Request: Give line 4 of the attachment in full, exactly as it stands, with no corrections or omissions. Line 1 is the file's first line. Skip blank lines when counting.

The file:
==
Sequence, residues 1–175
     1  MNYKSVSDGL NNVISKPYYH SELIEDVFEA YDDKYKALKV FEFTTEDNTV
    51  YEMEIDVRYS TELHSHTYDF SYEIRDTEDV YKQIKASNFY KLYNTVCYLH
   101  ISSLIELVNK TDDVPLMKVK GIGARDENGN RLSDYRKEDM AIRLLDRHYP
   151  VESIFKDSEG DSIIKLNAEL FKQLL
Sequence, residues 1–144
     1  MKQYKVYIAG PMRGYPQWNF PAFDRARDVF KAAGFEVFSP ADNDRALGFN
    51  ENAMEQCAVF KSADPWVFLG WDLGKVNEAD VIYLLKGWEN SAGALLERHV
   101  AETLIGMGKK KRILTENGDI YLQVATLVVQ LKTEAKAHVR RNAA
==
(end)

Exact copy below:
   101  ISSLIELVNK TDDVPLMKVK GIGARDENGN RLSDYRKEDM AIRLLDRHYP